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Project September 4, 2015

Taiwan: A Changing Status Quo


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Tourists from Mainland China pose for pictures in front of a portrait of Chiang Kai-shek at the Chiang Memorial Hall in Taipei. Image by Richard Bernstein. Taiwan, 2015.

Cross-strait relations have never been better. Some 5 million Mainland tourists visit Taiwan each year. One million Taiwanese live on the Mainland. The status quo, meaning no Taiwan independence but also no reunification, seems accepted by both sides.

The situation seems stable and beneficial, with economic growth resulting for both sides even as Taiwan has done what the mainland has not, which is become a true, vigorous democracy.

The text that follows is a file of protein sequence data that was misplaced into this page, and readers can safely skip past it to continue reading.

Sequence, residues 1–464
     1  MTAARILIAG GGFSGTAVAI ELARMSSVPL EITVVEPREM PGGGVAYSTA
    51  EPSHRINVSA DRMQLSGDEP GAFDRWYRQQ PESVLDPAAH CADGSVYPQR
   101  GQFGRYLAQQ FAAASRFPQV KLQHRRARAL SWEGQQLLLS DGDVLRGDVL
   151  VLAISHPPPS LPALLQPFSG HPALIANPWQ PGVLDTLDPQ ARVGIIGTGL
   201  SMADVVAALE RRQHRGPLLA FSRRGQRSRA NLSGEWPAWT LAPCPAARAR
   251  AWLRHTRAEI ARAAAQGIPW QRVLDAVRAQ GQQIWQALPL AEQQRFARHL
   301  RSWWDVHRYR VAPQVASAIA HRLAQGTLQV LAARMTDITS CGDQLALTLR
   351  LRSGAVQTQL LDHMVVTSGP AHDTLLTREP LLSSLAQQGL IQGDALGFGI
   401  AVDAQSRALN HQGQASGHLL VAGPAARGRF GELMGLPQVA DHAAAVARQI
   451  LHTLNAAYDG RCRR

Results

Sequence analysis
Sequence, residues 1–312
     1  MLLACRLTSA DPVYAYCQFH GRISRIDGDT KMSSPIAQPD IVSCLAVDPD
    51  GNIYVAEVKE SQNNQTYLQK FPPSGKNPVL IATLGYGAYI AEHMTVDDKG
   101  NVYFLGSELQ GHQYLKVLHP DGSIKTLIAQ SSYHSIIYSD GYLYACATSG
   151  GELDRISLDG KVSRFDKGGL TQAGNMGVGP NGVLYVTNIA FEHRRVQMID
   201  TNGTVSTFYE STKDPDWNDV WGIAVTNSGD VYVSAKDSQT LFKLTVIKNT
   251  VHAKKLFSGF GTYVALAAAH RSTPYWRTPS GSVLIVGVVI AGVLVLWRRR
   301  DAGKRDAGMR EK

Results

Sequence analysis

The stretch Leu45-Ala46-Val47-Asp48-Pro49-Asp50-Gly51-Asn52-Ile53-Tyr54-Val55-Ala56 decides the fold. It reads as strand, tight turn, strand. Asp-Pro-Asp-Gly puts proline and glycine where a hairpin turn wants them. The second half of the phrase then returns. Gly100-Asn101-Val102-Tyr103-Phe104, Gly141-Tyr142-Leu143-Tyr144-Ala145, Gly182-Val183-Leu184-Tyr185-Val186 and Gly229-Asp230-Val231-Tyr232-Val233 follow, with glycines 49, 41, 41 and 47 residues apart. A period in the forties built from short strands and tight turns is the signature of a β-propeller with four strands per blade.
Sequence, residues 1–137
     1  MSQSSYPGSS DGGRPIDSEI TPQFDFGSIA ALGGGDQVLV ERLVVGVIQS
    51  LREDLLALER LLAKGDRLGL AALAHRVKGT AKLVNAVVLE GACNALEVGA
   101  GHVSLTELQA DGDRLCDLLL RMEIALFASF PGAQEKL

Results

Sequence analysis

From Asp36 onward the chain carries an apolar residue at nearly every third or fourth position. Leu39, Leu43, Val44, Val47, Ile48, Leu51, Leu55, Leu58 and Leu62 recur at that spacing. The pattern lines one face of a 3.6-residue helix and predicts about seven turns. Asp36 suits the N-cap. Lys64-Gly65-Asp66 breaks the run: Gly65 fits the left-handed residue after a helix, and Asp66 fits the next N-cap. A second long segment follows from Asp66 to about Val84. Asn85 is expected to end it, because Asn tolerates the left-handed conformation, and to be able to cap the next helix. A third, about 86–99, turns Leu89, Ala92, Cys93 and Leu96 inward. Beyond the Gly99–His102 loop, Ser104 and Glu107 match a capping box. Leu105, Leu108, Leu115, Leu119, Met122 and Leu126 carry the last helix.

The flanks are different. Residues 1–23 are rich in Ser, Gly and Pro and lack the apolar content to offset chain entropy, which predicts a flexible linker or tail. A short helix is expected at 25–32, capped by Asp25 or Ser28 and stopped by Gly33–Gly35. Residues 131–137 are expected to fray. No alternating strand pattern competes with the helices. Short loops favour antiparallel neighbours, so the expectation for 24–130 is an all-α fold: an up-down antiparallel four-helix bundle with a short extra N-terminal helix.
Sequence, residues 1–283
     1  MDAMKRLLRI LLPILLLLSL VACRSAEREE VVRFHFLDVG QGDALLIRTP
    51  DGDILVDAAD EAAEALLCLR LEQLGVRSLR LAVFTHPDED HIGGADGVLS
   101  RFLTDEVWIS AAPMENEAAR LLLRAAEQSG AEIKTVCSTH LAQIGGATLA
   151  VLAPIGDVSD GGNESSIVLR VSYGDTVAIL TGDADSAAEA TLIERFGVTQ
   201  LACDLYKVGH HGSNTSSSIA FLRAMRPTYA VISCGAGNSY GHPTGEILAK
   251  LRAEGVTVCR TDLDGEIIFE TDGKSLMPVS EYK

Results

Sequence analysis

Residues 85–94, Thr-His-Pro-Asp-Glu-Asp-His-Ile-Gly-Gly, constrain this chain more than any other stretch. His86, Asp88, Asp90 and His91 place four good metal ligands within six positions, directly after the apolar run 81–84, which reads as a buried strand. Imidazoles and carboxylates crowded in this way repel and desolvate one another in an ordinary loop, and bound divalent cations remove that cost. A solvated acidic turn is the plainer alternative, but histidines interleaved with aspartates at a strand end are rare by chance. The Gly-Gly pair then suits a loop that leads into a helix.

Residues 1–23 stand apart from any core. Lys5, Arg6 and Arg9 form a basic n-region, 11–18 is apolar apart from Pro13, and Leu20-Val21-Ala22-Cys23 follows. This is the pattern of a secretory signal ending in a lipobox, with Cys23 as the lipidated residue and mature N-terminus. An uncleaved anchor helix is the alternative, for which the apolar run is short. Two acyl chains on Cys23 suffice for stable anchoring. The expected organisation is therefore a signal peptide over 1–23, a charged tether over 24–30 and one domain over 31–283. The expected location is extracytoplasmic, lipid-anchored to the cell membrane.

In this project, veteran foreign correspondent Richard Bernstein updates the current state of affairs, by looking into three questions regarding the cross-strait relationship.

First, what effect does the fact of Taiwan's democracy have on the Mainland, if any? He speaks with Mainland tourists and students about the ideas and attitudes they bring home after seeing prosperous, democratic Taiwan.

Second, he looks at the political situation on Taiwan. Presidential elections are scheduled for January next year and the head of the normally pro-independence party, Tsai Ying-wen, is widely expected to win. Who is she? What's her appeal? What is she likely to do? And how will the Mainland view her election?

And finally, what problems loom ahead? While relations are peaceful and even friendly, Taiwan is ardently opposed to reunification and suspicious of a kind of creeping, economic annexation, a fear that generated student demonstrations last year.

Can China take over Taiwan without reunification? Many on Taiwan are worried that that's what it's doing.